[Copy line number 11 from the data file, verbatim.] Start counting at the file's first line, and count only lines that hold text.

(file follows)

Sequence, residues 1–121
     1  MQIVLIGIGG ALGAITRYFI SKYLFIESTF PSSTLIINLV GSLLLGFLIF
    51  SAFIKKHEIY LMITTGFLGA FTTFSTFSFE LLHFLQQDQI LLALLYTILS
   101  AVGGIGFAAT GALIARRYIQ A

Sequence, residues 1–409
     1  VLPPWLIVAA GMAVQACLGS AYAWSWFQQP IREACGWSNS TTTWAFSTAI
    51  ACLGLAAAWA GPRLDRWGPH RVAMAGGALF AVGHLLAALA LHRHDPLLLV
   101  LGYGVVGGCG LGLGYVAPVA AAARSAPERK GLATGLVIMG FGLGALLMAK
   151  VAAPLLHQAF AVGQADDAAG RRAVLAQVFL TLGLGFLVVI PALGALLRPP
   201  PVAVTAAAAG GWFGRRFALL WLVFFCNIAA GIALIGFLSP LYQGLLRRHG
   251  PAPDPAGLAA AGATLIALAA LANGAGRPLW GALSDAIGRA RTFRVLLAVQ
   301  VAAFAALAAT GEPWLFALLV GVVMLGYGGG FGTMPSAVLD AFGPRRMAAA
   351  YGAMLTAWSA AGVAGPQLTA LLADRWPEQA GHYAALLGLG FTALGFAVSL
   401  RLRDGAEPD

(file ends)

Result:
   251  PAPDPAGLAA AGATLIALAA LANGAGRPLW GALSDAIGRA RTFRVLLAVQ